There’s a small number of additional abilities to unlock, including a lighting attack, in what may be the smallest skill tree in existence, and which can be unlocked completely within 30 minutes or so. Although that’s not too surprising as the game itself barely lasts twice that. (The length of most games is one of the main reasons why the ‘so bad it’s good’ concept never usually works, but that’s not a problem here.)

The planned full-length game is called Bright Memory Infinite, which was what was shown in the first Xbox showcase – if you’re wondering why you remember that as looking quite good. Maybe this is just a random section from that, we’re not sure, but we have to admit we were always fascinated to know what comes next, and absolutely never guessed right.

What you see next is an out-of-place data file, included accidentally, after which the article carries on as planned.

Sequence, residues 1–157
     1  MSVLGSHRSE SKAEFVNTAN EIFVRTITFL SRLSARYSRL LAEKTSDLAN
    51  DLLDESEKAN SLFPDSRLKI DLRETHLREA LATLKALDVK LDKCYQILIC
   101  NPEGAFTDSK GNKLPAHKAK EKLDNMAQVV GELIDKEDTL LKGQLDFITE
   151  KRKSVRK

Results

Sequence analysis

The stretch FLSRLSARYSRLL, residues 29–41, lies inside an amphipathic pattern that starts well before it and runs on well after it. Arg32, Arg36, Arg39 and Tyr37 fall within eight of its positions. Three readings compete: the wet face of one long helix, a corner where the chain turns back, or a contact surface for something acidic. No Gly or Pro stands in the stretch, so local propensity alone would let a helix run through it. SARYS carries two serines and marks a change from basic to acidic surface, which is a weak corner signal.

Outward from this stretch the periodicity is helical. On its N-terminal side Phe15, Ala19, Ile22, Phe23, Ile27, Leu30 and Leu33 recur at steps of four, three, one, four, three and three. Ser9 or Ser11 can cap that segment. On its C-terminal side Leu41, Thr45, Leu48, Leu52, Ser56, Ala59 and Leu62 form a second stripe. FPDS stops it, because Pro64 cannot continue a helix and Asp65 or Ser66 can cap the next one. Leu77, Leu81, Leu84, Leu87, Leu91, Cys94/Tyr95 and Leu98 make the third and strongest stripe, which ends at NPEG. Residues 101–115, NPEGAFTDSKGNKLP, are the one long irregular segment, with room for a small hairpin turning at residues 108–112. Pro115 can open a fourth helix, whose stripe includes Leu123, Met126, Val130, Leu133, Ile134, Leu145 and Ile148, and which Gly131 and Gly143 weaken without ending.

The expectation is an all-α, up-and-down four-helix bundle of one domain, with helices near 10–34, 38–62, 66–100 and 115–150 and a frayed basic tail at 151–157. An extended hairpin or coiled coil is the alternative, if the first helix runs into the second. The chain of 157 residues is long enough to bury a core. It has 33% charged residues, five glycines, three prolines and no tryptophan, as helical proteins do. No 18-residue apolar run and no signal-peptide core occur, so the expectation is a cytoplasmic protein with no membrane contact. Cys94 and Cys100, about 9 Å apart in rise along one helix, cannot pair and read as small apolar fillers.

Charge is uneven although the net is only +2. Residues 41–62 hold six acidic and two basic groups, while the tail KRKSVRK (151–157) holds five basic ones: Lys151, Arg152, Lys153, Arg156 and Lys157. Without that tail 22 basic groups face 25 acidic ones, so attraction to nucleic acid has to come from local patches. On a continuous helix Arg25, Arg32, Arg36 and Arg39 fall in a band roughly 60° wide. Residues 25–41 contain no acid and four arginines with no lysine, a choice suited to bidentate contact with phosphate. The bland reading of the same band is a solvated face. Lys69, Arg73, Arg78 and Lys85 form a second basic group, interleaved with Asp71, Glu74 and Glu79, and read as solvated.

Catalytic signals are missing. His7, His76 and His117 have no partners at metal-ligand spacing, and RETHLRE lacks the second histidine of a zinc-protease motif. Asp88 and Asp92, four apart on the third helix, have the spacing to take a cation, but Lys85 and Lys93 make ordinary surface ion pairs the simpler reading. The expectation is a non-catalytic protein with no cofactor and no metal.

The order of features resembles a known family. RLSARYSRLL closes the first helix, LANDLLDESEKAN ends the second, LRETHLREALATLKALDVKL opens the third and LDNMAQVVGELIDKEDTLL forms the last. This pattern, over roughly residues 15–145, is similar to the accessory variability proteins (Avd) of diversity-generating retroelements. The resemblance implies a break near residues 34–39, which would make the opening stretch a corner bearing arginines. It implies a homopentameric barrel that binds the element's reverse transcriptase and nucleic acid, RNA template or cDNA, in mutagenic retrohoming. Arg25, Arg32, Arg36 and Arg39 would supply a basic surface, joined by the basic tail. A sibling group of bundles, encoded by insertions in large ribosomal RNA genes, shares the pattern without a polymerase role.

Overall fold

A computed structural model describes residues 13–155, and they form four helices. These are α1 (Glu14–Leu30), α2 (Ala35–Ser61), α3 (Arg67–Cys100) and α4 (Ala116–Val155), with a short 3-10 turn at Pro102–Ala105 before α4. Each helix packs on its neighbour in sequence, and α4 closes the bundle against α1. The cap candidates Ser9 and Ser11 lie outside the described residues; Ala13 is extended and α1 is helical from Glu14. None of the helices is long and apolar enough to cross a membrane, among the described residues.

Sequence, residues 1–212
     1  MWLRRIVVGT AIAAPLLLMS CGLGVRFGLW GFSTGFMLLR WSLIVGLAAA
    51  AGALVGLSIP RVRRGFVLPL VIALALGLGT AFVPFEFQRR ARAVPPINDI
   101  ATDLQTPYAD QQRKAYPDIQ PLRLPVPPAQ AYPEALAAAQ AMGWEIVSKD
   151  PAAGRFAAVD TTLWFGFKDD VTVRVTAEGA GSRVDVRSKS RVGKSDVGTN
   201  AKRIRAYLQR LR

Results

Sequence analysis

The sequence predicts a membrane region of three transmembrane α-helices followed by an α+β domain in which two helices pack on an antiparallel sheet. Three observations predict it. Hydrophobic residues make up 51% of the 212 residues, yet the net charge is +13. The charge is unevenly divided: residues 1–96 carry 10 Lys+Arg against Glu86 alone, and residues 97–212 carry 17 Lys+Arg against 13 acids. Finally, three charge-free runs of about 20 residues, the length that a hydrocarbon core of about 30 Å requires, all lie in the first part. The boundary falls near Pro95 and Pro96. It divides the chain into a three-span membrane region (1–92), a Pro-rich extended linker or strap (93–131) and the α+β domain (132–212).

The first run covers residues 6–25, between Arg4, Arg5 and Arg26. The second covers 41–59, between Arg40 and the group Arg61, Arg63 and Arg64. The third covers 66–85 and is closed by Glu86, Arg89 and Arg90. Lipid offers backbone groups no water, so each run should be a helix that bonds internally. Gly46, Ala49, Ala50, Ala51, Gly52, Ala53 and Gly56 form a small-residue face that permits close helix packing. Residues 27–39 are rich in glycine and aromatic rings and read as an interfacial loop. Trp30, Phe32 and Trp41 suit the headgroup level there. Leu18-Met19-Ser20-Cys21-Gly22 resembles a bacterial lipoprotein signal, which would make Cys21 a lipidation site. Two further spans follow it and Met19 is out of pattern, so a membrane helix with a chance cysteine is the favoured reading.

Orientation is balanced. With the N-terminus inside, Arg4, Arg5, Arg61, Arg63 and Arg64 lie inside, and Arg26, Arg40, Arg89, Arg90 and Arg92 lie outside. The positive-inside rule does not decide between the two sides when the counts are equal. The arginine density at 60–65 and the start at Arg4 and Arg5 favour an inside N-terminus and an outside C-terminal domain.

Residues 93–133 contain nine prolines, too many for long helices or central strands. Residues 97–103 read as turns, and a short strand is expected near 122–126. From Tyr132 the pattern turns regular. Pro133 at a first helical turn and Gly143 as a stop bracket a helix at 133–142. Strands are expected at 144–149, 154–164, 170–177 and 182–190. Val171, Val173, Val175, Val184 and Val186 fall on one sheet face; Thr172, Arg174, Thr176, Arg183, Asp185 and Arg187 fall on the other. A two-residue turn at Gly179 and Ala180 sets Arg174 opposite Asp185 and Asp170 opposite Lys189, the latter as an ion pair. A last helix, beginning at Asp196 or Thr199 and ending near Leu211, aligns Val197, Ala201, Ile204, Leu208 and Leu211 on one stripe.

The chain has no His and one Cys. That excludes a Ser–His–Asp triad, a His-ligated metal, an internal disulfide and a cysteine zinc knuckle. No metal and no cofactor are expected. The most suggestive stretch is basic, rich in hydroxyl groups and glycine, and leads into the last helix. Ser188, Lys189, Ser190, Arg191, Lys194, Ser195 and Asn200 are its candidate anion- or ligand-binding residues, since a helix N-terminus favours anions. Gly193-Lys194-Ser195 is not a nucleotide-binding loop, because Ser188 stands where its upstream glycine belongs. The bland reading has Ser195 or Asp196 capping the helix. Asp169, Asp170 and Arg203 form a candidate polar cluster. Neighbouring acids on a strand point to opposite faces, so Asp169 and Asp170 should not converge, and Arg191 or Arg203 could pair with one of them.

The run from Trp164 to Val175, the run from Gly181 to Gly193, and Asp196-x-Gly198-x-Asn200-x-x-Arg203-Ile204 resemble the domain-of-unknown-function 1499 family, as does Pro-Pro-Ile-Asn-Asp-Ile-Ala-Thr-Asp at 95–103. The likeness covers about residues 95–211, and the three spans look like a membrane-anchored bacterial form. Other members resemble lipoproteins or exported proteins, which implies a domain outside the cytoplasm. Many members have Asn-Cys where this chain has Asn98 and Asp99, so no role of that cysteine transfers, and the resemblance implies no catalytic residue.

We don’t want to disparage the work that’s gone into this as once you move past the terrible way it’s been ported to consoles it’s clear that creator Xiancheng Zeng does have some talent for game design, with some relatively well orchestrated boss battles and some puzzle sections that, while inane, are certainly no worse than many we’ve seen in more professionally produced games.

So in the end, we do kind of look forward to Bright Memory Infinite. We certainly hope Zeng gets some help with that one, because it really wouldn’t take that much to push this from being a laughing stock to a fun, shlocky action game. Bright Memory isn’t very good but it is fun and funny, and given the price, and assuming you know what you’re getting yourself in for, that makes it surprisingly easy to recommend.